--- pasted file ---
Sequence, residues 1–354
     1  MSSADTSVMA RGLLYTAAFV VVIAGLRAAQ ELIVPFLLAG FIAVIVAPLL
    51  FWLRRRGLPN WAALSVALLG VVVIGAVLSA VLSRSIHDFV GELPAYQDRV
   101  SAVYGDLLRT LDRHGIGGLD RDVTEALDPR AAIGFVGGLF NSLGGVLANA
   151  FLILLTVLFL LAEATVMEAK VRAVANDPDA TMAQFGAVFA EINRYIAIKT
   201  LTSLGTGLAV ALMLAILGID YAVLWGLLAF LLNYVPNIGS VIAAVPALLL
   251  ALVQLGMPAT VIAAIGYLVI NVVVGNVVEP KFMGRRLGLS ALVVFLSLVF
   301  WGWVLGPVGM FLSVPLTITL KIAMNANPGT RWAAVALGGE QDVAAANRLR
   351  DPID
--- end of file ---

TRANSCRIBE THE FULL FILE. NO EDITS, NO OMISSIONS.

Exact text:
Sequence, residues 1–354
     1  MSSADTSVMA RGLLYTAAFV VVIAGLRAAQ ELIVPFLLAG FIAVIVAPLL
    51  FWLRRRGLPN WAALSVALLG VVVIGAVLSA VLSRSIHDFV GELPAYQDRV
   101  SAVYGDLLRT LDRHGIGGLD RDVTEALDPR AAIGFVGGLF NSLGGVLANA
   151  FLILLTVLFL LAEATVMEAK VRAVANDPDA TMAQFGAVFA EINRYIAIKT
   201  LTSLGTGLAV ALMLAILGID YAVLWGLLAF LLNYVPNIGS VIAAVPALLL
   251  ALVQLGMPAT VIAAIGYLVI NVVVGNVVEP KFMGRRLGLS ALVVFLSLVF
   301  WGWVLGPVGM FLSVPLTITL KIAMNANPGT RWAAVALGGE QDVAAANRLR
   351  DPID